7 Ways To Form A Healthy Attachment With Your Adopted Child

Parenthood is no easy task, whether your baby is biologically yours or if you’ve adopted them. But if you’re an adoptive parent, there are several more challenges you will need to face. Especially for parents who have adopted slightly older children, developing a bond with them can take a little more time. Your children will grow to love you no matter what, but there are a few things you can do to make their transition easier. If you’ve done the wonderful act of adopting a child, here are a few ways you can develop a connection with them.

1. Stick To A Routine

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If you’ve adopted an older kid, chances are they’ve been shuffled between foster homes, never allowed to feel a sense of stability. To help them feel secure, it’s imperative that you establish a fixed routine. Don’t be tempted to spoil them and let them do whatever they want because they’ve had a tough life thus far. Creating a routine and

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sticking to it will help them feel a lot safer than anything else you can do. Set a fixed time to go to bed, to eat meals and to play. When your child settles into this routine, it will give them the predictability that they crave.

2. Always Be Available

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Your child needs to know you’re different from his previous foster parents. He needs to believe that this is his forever home and you’re always going to be there for him. If he cries, you need to go to him immediately. Responding to adopted children as soon as they call for you, helps them understand that they can always count on you. Unlike children born into a stable family who grow up taking for granted that the world revolves around them, your adopted child needs to develop this feeling from scratch.

3. Discipline Them The Right Way

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It’s absolutely important that you don’t let yourself spoil your adopted child. Giving in to their every whim and brushing off bad behavior will do no good to them at all. But while it’s important to punish them when they do something wrong, it’s also important to know how to do this. Adopted children initially have an unshakable fear of being sent away again. When you scold them, you need to make it clear that you love them and it’s their behavior at that point of time that you don’t like. They need to feel your unconditional positive regard for them and believe that you will never abandon them. Saying things like “I’ll always love you, but I don’t like it when you do this”, can help them understand that it’s only their behavior you’re scolding them for.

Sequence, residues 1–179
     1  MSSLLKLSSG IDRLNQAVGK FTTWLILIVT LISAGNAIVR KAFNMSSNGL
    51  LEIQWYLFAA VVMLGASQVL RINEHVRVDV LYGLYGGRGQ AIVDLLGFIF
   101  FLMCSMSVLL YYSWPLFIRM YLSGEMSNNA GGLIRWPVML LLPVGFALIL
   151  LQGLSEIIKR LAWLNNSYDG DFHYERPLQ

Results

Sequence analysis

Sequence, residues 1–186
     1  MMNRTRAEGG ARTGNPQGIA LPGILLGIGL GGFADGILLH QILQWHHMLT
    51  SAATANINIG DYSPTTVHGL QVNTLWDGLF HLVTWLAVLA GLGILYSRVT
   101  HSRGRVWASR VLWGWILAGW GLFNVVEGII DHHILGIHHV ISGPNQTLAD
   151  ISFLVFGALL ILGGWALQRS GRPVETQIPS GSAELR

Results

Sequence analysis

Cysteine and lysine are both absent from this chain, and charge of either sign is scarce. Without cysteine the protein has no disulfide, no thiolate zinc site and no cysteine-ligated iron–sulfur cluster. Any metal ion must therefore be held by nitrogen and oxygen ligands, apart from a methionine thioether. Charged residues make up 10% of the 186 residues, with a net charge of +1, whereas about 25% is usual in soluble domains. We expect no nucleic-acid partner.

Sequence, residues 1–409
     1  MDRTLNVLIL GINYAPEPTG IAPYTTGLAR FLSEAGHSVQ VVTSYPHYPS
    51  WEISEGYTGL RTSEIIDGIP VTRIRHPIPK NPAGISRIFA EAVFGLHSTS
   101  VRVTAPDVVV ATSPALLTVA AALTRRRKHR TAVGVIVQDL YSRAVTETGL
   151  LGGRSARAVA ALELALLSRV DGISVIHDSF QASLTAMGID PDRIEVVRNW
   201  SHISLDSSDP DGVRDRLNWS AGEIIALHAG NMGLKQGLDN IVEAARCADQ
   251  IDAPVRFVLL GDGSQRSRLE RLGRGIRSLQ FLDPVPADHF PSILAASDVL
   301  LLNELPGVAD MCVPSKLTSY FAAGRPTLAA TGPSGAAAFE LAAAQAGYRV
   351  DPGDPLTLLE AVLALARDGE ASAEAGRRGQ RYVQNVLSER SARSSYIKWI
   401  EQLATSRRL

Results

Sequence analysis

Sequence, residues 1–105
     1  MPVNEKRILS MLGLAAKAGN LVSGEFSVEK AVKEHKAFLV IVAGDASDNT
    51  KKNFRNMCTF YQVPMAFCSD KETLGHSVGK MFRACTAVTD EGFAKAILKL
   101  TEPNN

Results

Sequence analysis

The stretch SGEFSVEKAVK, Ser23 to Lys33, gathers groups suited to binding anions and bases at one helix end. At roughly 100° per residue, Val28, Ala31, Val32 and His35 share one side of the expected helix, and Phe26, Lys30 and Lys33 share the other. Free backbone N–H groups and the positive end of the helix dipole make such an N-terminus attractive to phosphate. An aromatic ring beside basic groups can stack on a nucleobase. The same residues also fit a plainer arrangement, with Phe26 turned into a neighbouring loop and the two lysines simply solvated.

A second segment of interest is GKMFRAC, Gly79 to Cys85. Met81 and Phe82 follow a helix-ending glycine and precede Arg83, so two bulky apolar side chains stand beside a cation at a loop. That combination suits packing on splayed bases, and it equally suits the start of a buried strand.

4. Click A Family Picture

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It sounds trivial, but it can have a huge impact in the way your child perceives

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his place in the family. Take a family picture with your child and keep it on their night stand or on a wall in their room, somewhere they can see it all the time. A picture will help your child understand that he is part of the family and will aid their visualization of this. A large part of the struggle in earning the trust of your adopted child is that for a long time, they won’t think of themselves as a permanent part of your family. You’ll be surprised by how much a simple picture of all of you together can help them.

5. Find New Things To Do Together

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Doing activities together is a great way to bond with your adopted child. Whether it’s gardening, taking care of a new pet fish or baking, doing things with them will help them connect with you. Adopted children can often start out intimidated or resentful of their new parents. Doing something fun

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together makes you more approachable to them and will help them lower their guard.

6.Don’t Take It Personally

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All children at some point will lash out at you and say things like they hate you and that they wish you weren’t their parents. When it’s your biological child saying it, it’s easy to brush it off. But when your adopted child says it, it can be very hurtful. Because you yourself are nervous about how he will take to you, it can seem like an outright rejection if he says things like this. When this happens (and it almost inevitably will), learn to not take it so seriously. This isn’t your child telling you they wish you’d never adopted them, this is them being a regular kid. Have patience with them and scold them gently for being rude, don’t let it get to you.

7. Have Patience

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If you imagined your new family as being loving and peaceful, then you’re in for a shock. The initial transition period for adopted children can be quite difficult, so it’s completely normal for them to lash out. Be prepared for them to throw tantrums, yell or become aloof. While this happens, remember to steadfastly stick to the set routine and never give in to them. Your child is often testing how far he can go with you, so remain firm. Adopted children also believe you will tire of them and give them away, so by acting out, they’re judging for themselves how permanent you are. Have patience with them and try your best to remain calm. Once your child is fully adjusted, the bad behavior will die out and you will get that peaceful family life of your dreams.